Latter-day Saint Life

Howard W. Hunter: 5 Adorable Facts from His Childhood (+ Journal Entries and Photos)


As we have been learning about President Howard W. Hunter this year in Priesthood and Relief Society, we have mostly gotten to know about him as an adult—a leader of the Church with profound ideas and a strong testimony. But what was he like as a child? The journal he left as a 10-year-old gives some fun, unique insights into the boy who became a prophet. Here are just a few:

1. He loved rabbits.

A significant number of Howard’s boyhood journal entries revolve around him searching for rabbits with his friends or caring for his own pet rabbits, from feeding them alfalfa to taking them out to play around the yard. Even as a child he loved these creatures, and recounts a sad story about one of his rabbit's tails:

“Did’nt get up this morning until 10 o’clock Mary Jane was out and I was tring to catch her a little boy came over and though he would help me, I wish he had stayed home because he pulld my bunnies tail right off, it made me sick. I went in the house cring. So mother came out and helped me catch her.” [Aug. 20, 1918]


Young Howard’s first journal entry. [I got up at 10 o’clock, let the rabbits out and had a hard time getting them in., Played house with the girls, had a bakery and made all kinds of mud pies. After supper I helped clean a wash tub full of beans, for Mother to can. At 9:00pm Uncle Pete came from Salt Lake unexpected, 10 o’clock crawled in bed. Just after I got in bed Vera came down to stay all night.]

2. He liked going to picture shows.

Just like many of us today like to do, Howard frequently went to movies with his friends and family. His journal entries include references to then-stars such as Fatty Arbuckle, Charlie Chaplain, and Douglas Fairbanks:

“went to the picture show and had a good laugh at Fatty Arbuckle. Came home and had supper played until bedtime.” [Aug. 15, 1918]


Young Howard spent many happy hours with his sister, Dorothy, his friend Beatrice, his rabbits Mary Jane and Bunny Boo, and his dog, Daisy.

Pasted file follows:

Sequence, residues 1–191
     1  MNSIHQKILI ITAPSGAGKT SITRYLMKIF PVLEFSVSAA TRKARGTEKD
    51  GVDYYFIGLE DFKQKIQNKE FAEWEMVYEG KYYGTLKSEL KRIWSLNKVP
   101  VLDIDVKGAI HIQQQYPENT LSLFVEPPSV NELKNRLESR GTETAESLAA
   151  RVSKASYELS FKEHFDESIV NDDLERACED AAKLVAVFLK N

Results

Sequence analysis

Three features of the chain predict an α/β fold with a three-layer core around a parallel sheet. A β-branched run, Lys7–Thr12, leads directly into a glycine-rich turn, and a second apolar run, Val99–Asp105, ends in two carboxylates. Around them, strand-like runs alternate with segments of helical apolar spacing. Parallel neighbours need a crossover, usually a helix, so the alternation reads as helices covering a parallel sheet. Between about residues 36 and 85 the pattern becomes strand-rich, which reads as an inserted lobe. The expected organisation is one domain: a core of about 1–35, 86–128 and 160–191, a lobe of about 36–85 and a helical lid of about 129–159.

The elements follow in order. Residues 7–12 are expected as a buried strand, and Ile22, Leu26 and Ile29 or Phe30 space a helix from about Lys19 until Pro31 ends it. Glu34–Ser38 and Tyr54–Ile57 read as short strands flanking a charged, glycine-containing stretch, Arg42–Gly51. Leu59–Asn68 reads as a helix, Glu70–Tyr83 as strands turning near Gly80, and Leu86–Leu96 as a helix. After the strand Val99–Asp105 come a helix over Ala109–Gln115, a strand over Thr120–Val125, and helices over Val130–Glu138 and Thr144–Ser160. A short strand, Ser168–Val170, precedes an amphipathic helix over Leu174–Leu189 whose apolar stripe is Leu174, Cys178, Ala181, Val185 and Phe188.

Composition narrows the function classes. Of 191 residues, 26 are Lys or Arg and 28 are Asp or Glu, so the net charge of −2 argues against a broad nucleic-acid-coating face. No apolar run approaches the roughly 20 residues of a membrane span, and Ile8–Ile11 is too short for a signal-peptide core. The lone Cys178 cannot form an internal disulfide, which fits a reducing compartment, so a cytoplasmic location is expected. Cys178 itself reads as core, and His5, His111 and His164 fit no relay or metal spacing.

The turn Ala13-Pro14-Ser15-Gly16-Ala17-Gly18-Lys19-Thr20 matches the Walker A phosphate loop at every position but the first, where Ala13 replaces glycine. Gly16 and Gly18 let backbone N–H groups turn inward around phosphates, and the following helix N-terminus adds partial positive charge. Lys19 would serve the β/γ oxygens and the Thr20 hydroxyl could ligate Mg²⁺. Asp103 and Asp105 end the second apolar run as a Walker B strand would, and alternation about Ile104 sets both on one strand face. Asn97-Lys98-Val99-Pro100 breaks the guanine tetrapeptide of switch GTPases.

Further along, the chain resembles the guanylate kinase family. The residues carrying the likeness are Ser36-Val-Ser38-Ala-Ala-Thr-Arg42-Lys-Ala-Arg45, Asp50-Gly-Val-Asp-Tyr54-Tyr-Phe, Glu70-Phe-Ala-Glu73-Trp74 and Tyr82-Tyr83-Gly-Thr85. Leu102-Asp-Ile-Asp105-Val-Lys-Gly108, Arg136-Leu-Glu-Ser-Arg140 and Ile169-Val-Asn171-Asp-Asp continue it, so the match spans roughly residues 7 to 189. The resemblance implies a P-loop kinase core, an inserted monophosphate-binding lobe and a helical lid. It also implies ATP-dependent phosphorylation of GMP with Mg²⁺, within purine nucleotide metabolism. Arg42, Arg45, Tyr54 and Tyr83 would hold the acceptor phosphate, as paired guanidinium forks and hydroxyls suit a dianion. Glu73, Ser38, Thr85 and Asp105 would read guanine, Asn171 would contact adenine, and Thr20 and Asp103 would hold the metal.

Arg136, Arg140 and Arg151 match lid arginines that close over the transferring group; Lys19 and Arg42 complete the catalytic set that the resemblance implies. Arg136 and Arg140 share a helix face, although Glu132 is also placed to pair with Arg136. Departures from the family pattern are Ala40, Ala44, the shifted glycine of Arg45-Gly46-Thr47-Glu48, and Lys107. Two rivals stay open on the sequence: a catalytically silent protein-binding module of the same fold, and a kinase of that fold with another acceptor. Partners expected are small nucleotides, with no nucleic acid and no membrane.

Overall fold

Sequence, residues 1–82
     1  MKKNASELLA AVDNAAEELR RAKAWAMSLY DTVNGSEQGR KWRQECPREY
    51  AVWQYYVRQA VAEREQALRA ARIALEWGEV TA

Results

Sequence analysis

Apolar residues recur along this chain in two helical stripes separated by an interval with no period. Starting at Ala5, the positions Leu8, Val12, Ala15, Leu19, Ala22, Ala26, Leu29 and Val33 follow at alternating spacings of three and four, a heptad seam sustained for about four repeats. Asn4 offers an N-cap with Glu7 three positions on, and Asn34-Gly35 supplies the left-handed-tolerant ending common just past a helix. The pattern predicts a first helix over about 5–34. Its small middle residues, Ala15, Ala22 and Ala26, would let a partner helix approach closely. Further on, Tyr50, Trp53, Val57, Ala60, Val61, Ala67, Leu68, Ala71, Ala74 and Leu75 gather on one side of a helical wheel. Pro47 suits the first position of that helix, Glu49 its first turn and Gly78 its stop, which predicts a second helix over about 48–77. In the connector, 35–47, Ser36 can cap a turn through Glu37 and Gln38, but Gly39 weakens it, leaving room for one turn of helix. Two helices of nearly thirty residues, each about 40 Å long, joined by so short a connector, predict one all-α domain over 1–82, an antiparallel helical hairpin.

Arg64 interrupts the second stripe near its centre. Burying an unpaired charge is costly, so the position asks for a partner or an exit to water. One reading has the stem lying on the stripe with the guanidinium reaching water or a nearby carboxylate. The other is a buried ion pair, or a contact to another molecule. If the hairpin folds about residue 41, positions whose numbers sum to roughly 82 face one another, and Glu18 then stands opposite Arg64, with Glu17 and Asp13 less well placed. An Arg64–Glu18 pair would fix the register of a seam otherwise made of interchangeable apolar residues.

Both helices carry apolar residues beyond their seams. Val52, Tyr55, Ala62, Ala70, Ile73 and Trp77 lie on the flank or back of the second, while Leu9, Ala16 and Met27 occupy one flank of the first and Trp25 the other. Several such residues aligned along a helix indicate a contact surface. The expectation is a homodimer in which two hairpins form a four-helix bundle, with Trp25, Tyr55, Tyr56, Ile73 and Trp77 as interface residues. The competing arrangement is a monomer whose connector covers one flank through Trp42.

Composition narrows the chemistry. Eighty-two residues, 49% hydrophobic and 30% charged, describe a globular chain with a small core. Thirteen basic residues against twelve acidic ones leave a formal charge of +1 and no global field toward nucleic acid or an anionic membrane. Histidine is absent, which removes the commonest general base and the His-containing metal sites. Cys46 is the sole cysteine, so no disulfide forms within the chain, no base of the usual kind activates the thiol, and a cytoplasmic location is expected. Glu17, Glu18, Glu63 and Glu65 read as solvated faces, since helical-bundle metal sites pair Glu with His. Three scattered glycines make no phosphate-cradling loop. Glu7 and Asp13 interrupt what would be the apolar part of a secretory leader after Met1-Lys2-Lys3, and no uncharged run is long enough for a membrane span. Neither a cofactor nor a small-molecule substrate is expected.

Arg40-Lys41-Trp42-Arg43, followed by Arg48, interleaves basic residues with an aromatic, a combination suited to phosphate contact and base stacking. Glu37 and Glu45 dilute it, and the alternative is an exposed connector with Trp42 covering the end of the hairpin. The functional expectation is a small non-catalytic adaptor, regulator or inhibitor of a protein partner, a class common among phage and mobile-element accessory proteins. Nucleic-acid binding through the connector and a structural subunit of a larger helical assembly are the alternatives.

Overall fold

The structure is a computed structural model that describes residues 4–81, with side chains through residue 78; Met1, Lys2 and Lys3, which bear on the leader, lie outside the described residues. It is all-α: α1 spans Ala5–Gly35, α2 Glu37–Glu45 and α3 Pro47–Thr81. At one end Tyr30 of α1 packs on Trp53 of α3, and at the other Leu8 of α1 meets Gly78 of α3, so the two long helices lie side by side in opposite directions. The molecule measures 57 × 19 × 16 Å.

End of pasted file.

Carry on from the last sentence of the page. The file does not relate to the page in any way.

3. He played the piano.

Though it came on his sister’s birthday, the player piano his parents bought for the two of them was well used.
“We played the piano for a while when the dray came in again, and brought us a Victrola and an Edison Mother and Papa were undecided whether to get a straight piano and a Phonagraph or a player piano, so had the house full of music.” [Nov. 2, 1918]

Though no mention was made in his journal of taking lessons, he writes several times about sitting down to play the piano on a quiet evening:
“After school sister and I played out doors we played the piano after supper.” [Dec. 6, 1918]


Howard W. Hunter’s school class. In addition to regular school, Howard frequently writes about attending Sunday School.

4. He once “played sick” from school.

Did you ever fake an illness, just so your mom wouldn’t send you to school? Like a typical, energetic youth, young Howard Hunter did! Here is his journal entry from the day:


[I played sick in school to-day I told teacher I had a head ack she said I had better go home so I caught the car and went to town with mother. We looked around at the toys. We went all over town looking at ma _______. We came home at 6 o’clock, sister and I played a couple games of solders.]

5. He liked to read.

While young children today play video games or watch television after their homework is done, Howard W. Hunter spent many hours reading. One book that he read was Tom Swift in the City of Gold. An old adventure book by Victor Appleton, Tom Swift is mentioned more than once in Howard’s entries: 

“We played basket ball at school to-day Afer school I spent most my time reading Tom Swift in the City of Gold. I read a little after supper.
“We played basket ball a school to-day. After school I read Tom Swift in the City of Gold.
“After school I started to read another book Tome Swift and his motor boat. After supper all us kids in the neiborhood played pussy wants a corner out in the road.”
[Oct. 4-6, 1918]

Howard’s love of reading was likely influenced by his mother, whom Howard remembers “read to me a couple of hours before noon and read to me a little in the afternoon” [Dec. 9, 1918] when he was sick.

Find out more about the life of 10-year-old Howard W. Hunter through the journal he kept in 1918. From raising rabbits to playing house with his sister and doorbell ditching, President Hunter might surprise you with the things he did as a young boy and recorded in his diary. Find out more in Diary of Howard Hunter, available at


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